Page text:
Tips for using email to communicate with your remote team

25.02.21 12:24 PM By Caitlin

From Stacey at Little Ink Marketing

A key part of managing or working in a remote team is the increased importance of communication. Regular and authentic communication helps you stay on the same page and keeps teams productive, cohesive and happy. And while email has always been a critical collaboration tool in the workplace, in the absence of seeing your team on a daily basis it becomes even more important to master. So with all of those words and information ping-ponging back and forth across our remote teams, here are some of my tops tips for effective email communication. 



Make your subject line count


In the real estate of space where people consume email messages, the subject line is prime property! It’s not only the first chance you have to grab the reader’s attention, but also to convey meaningful information. So make sure you make the most of your subject line and be clear and specific about the topic of the email. Not only does it help your team prioritise the email's importance, it’s also useful for when you want to retrace your steps to a particular email, making it easier to find!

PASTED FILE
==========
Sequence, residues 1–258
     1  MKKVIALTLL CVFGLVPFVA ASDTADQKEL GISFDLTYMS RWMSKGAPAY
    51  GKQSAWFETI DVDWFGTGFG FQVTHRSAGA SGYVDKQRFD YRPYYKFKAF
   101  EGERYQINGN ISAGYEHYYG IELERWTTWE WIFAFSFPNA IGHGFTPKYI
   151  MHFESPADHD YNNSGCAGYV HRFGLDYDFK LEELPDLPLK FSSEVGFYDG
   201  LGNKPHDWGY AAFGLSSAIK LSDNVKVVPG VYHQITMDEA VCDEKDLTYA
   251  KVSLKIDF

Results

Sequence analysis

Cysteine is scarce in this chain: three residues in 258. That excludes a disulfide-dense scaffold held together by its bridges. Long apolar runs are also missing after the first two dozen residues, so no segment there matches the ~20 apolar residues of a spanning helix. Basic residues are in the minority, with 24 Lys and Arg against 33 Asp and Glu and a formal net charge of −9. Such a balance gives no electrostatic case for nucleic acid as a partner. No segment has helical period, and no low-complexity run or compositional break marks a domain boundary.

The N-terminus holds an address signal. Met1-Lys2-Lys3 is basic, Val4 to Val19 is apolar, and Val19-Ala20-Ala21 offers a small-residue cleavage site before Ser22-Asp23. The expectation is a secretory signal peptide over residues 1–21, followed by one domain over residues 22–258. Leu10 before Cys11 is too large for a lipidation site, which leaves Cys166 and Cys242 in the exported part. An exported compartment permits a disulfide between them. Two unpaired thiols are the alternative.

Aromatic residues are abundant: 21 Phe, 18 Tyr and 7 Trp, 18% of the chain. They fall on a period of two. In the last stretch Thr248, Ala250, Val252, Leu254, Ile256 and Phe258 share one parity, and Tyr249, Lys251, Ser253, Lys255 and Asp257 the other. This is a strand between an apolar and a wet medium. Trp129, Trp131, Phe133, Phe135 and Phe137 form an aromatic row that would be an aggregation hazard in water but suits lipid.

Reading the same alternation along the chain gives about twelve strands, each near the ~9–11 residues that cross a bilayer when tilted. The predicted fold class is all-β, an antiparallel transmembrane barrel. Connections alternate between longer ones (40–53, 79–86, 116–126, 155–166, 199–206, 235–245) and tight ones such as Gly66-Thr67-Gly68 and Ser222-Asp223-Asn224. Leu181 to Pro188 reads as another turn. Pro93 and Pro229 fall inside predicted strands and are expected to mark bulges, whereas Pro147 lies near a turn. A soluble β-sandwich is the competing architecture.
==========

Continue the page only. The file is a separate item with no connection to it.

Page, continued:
Poor example: Meeting agenda
Good example: For Review: 20 Apr Management Meeting Agenda 



BLUF: Bottom Line Up Front


You’re either sending an email because you want someone to know something, or do something. So don’t write a mystery novel! Make sure your first sentence includes your bottom line up front (BLUF). In other words, get to the point first and provide the supporting reasoning afterward. An example of a BLUF could be; “I need your input by end-of-day this Friday to confirm the agenda for the 20 Apr Management Meeting.” This tactic is particularly useful when sending emails as people are more likely to skim. 



Share work updates 


Regular work updates are vital, especially when working remotely. Keep your team informed by letting them know every Monday what your plans are for the week and ask if they have any questions. An “update email” not only gives your remote team visibility into your priorities, but it creates a more collaborative and transparent workplace. You can also ask your team to send you similar weekly updates on what they've accomplished and their plans for the coming week.



Keep it informal 


While short and sweet emails are always best, make sure your straightforward message doesn’t sound uptight or too formal. Keeping your team emails polite no matter how many—or few—words you write can be achieved by some simple tricks! Some great ones are using contractions and the odd exclamation mark, signing off with your first name initial, or simply say something nice like, “enjoy the rest of your week”. No matter what you’re saying, these tricks can improve the lightness of your email and create an instant connection that makes your team immediately feel comfortable and welcomed, even if only subconsciously.



Show yourself